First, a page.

DNS Queries over HTTPS
draft-ietf-doh-dns-over-https-01

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Last updated 2017-10-30
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Network Working Group                                         P. Hoffman
Internet-Draft                                                     ICANN
Intended status: Standards Track                              P. McManus
Expires: May 3, 2018                                             Mozilla
                                                        October 30, 2017

                         DNS Queries over HTTPS
                   draft-ietf-doh-dns-over-https-01

Abstract

   DNS queries sometimes experience problems with end to end
   connectivity at times and places where HTTPS flows freely.

   HTTPS provides the most practical mechanism for reliable end to end
   communication.  Its use of TLS provides integrity and confidentiality
   guarantees and its use of HTTP allows it to interoperate with
   proxies, firewalls, and authentication systems where required for
   transit.

   This document describes how to run DNS service over HTTP using
   https:// URIs.

   [[ There is a repository for this draft at
   https://github.com/paulehoffman/draft-ietf-doh-dns-over-https ]].

Status of This Memo

   This Internet-Draft is submitted in full conformance with the
   provisions of BCP 78 and BCP 79.

   Internet-Drafts are working documents of the Internet Engineering
   Task Force (IETF).  Note that other groups may also distribute
   working documents as Internet-Drafts.  The list of current Internet-
   Drafts is at http://datatracker.ietf.org/drafts/current/.

   Internet-Drafts are draft documents valid for a maximum of six months
   and may be updated, replaced, or obsoleted by other documents at any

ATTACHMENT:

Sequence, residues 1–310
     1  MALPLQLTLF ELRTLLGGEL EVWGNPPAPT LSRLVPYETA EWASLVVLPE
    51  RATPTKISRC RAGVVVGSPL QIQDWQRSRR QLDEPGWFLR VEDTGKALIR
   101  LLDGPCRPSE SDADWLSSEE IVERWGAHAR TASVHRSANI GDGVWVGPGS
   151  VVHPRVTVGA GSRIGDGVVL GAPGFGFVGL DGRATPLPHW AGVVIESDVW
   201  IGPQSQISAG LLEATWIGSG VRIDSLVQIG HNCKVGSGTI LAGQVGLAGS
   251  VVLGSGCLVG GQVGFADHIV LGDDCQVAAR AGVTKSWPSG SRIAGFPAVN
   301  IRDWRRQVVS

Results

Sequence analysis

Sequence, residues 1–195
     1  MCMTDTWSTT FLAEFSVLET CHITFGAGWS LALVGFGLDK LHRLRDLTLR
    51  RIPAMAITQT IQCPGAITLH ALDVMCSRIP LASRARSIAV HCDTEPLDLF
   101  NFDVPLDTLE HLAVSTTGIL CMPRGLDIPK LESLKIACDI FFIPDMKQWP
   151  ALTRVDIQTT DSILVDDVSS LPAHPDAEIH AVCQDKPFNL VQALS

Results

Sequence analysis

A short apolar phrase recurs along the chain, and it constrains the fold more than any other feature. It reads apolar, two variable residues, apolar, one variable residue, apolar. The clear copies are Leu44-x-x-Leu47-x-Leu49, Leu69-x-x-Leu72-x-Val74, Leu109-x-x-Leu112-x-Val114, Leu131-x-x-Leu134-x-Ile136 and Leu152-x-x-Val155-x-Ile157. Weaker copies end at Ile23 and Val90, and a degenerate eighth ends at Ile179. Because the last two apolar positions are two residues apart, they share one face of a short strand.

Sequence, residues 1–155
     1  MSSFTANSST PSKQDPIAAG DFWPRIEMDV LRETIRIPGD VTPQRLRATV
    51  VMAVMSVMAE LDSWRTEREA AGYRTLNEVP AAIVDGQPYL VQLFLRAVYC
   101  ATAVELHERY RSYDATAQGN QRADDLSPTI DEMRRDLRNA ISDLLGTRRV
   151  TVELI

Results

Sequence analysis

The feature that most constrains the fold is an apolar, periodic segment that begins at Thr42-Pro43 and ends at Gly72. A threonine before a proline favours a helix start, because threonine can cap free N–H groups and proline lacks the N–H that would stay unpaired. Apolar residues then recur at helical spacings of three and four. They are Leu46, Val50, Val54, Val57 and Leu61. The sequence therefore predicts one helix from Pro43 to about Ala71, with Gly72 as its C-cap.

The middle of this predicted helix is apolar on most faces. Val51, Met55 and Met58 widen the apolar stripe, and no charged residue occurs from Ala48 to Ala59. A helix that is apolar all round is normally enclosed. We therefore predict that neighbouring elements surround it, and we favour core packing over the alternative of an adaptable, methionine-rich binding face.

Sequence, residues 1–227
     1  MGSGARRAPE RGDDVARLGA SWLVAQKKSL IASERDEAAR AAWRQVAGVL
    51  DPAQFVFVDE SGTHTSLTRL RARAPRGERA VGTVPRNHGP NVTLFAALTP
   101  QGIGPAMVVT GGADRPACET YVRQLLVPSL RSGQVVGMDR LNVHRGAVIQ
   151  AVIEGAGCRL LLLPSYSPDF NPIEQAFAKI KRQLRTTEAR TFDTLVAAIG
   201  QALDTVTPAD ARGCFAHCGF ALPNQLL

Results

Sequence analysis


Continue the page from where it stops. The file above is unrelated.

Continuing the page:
time.  It is inappropriate to use Internet-Drafts as reference
   material or to cite them other than as "work in progress."

   This Internet-Draft will expire on May 3, 2018.

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Copyright Notice

   Copyright (c) 2017 IETF Trust and the persons identified as the
   document authors.  All rights reserved.

   This document is subject to BCP 78 and the IETF Trust's Legal
   Provisions Relating to IETF Documents
   (http://trustee.ietf.org/license-info) in effect on the date of
   publication of this document.  Please review these documents
   carefully, as they describe your rights and restrictions with respect
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   include Simplified BSD License text as described in Section 4.e of
   the Trust Legal Provisions and are provided without warranty as
   described in the Simplified BSD License.

Table of Contents

   1.  Introduction  . . . . . . . . . . . . . . . . . . . . . . . .   2
   2.  Terminology . . . . . . . . . . . . . . . . . . . . . . . . .   3
   3.  Use Cases . . . . . . . . . . . . . . . . . . . . . . . . . .   3
   4.  Protocol Requirements . . . . . . . . . . . . . . . . . . . .   4
     4.1.  Non-requirements  . . . . . . . . . . . . . . . . . . . .   4
   5.  The HTTP Request  . . . . . . . . . . . . . . . . . . . . . .   4
     5.1.  DNS Wire Format . . . . . . . . . . . . . . . . . . . . .   5
     5.2.  Examples  . . . . . . . . . . . . . . . . . . . . . . . .   6
   6.  The HTTP Response . . . . . . . . . . . . . . . . . . . . . .   6
     6.1.  Example . . . . . . . . . . . . . . . . . . . . . . . . .   7
   7.  HTTP Integration  . . . . . . . . . . . . . . . . . . . . . .   8
   8.  IANA Considerations . . . . . . . . . . . . . . . . . . . . .   8
     8.1.  Registration of Well-Known URI  . . . . . . . . . . . . .   8
     8.2.  Registration of application/dns-udpwireformat Media Type    8
   9.  Security Considerations . . . . . . . . . . . . . . . . . . .  10
   10. Acknowledgments . . . . . . . . . . . . . . . . . . . . . . .  10
   11. References  . . . . . . . . . . . . . . . . . . . . . . . . .  11
     11.1.  Normative References . . . . . . . . . . . . . . . . . .  11
     11.2.  Informative References . . . . . . . . . . . . . . . . .  11
   Appendix A.  Previous Work on DNS over HTTP or in Other Formats .  12
   Authors' Addresses  . . . . . . . . . . . . . . . . . . . . . . .  12

1.  Introduction

   The Internet does not always provide end to end reachability for
   native DNS.  On-path network devices may spoof DNS responses, block
   DNS requests, or just redirect DNS queries to different DNS servers
   that give less-than-honest answers.

   Over time, there have been many proposals for using HTTP and HTTPS as
   a substrate for DNS queries and responses.  To date, none of those

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